T is currently sporting a bit of a fat lip after face-butting a pavement. He isn’t usually that clumsy, as toddlers go, so he was rather shocked at the accident but very stoical, despite the blood and the pain. Now a few days later, he is much better and only occasionally points at his lip and says “ow”, when he fancies a bit of sympathy. But we are still being careful of his lip until the swelling goes down. Putting jumpers on is a very delicate operation right now.
So, I was more than a bit pissed off when Thug Kid decided to take a very deliberate run and push at him on the bouncy castle this morning. Yes, it was a soft surface but still, face-planting on a fat lip even on a bouncy castle is pretty painful. OK, so the kid didn’t know T had hurt his face but that kind of thing makes me really mad. Thug Kid’s Mum said sorry and made him apologise but what the hell is it with kids like that?
We’ve all come across them, right? I don’t just mean the boisterous, overexhuberant ones who bluster into everyone in their excitement or play a bit rough because they are too full of beans. I mean the kids that get that mean look in their eye, make a decision to do some damage and then really go for it. That’s what I saw today. Thug Kid got that look in his eye, checked to see that Mum was preoccupied with his baby brother and then launched himself at T full throttle with one aim: to knock him down.
I’m not saying this kid is a bad egg but he was definitely overtly aggressive. Maybe it was a one off. Maybe he was jealous of his little brother and acting up; I have no idea what was going on in his little head. But my kids are soft, sensitive souls and are always utterly shocked to be met with such deliberate aggression. That kind of violence is just totally outside their experience. Apart from the odd, halfhearted push they don’t even physically fight amongst themselves much. They make up for it by excelling at verbal warfare, mind you.
When T’s big brother H was about two, something similar but a lot worse happened to him. We came across a biter. I had already clocked this little bugger, who was a red-head of about three I guess – he was running about on the bouncy castle and ‘accidentally’ slamming into all the little ones. I was keeping an eye on him but he made a bee-line for H before I could stop him. The little shit charged him, shoulder barged him to the deck and climbed on top of him. He then straddled him, very deliberately searched for a bit of exposed flesh and bit his hand so badly that it bled.
Shocked didn’t even come close to covering it. It was the first time I had witnessed a kid so young being so brutal, so calculatedly violent, and I have to admit it threw me and my innocent belief that little kids don’t have a bad bone in their bodies. Having such a gentle child myself, I was genuinely alarmed that one so young – but old enough to know better – could have such a desire to inflict pain on another kid.
As I said before, I am not judging the parent or the kid. I have no idea what is going on in their world to cause that kind of behaviour. And, as today, the Mum reacted perfectly. She dragged her son out of the room immediately and took him home. But the look of resignation in her eyes told me this was far from a one off.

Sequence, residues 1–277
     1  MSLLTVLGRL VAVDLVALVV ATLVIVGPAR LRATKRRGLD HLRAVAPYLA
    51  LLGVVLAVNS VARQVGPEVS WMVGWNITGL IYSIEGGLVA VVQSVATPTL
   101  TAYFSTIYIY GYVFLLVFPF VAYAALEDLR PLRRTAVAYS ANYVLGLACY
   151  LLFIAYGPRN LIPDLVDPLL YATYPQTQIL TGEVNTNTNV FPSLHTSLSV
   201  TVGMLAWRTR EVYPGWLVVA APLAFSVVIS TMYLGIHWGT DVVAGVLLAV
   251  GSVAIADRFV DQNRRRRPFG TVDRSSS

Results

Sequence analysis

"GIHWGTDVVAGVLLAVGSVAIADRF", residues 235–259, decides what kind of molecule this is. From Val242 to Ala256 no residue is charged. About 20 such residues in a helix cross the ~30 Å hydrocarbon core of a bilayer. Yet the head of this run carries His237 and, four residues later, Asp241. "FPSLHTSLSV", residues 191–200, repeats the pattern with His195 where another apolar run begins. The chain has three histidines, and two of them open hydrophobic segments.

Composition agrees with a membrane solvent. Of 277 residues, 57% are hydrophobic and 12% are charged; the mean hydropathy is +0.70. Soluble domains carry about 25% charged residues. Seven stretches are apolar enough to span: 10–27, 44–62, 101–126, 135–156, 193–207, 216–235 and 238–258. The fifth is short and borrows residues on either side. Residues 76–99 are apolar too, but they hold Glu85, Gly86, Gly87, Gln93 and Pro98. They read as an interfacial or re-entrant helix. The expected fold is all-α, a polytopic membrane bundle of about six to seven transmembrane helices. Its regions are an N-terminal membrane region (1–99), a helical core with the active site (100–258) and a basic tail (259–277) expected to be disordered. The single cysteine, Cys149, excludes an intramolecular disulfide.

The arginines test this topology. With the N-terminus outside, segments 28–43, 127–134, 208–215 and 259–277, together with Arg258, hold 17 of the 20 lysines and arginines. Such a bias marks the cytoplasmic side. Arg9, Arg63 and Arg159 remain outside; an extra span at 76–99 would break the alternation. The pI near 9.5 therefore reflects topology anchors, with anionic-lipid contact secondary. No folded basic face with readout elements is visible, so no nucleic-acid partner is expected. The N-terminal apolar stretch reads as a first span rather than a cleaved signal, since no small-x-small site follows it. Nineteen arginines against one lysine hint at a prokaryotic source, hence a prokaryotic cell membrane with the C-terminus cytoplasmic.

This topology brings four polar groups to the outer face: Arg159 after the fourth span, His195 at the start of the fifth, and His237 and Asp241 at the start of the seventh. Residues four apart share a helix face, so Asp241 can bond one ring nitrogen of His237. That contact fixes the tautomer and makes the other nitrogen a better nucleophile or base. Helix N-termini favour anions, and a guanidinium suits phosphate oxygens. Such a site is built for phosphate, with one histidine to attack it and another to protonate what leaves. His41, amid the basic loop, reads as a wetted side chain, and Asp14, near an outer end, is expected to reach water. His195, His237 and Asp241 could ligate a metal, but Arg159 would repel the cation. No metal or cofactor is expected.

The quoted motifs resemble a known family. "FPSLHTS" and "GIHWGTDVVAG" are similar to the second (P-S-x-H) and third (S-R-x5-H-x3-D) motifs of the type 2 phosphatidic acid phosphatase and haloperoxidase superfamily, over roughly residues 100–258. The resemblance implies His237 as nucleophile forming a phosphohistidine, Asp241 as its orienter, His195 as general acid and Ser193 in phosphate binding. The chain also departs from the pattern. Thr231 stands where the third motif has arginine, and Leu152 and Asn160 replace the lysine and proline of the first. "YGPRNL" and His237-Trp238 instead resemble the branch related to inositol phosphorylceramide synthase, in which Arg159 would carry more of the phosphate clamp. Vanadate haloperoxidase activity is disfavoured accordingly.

Once I’d patched H up and taken him home, I felt desperately sorry for that Mum, taking her kid into social situtations every day where he is likely to attack another child. A kid that seeks out smaller kids and bites them until they bleed. She then has to face the embarrassment. She has to leave, drag him home, deal with the inevitable tantrums and misery. And where do you begin when you have a kid like that? How do you tackle that sort of behaviour? Whatever parenting problems we’ve faced to date – and there have been many – I’ve never had to deal with that one and it is something I am deeply grateful for.
H was a very nervous toddler and he was pretty traumatised by the biting incident. He ran and hid from all red-haired boys for months afterwards. T is far more resilient and, once the hurt was gently rubbed better, he had forgotten all about today’s incident in minutes.
But today’s toddler agression took me straight back to my moment of realisation when H was bitten years ago: that some kids, like some adults, just are incredibly violent. I’m sure some are the product of their environment but I’m also sure that some just pop out like that, full of aggression. Hopefully, if their parents’ are able to help them, most will learn to control it as they grow up. But some won’t. And you have to wonder what happens to those ones.
I am thankful I did not give birth to a kid so full of rage. I have no idea how I would handle it. Like my kids, I am way too soft in the middle.
T and I went on to have a lovely morning, despite the earlier ambush. We chased each other on the bouncy castle, raced cars and painted. T smiled and giggled a lot, because that is what T does.
We had some snacks and a cup of tea after play time, him chatting away the whole time, sharing his crackers with me. After a brilliant Half Term, I am totally loved up with my three soft and sensitive kids right now and this morning made me feel even more so.
Soft isn’t weakness. Far from it. Soft is kindness, sensitivity, empathy. I am proud and grateful to have three such gentle children.
And I may be soft too, but us softies aren’t all as easy to push over as toddlers. Anyone threatening my cubs had better watch themselves. Thug Kids, you have been warned.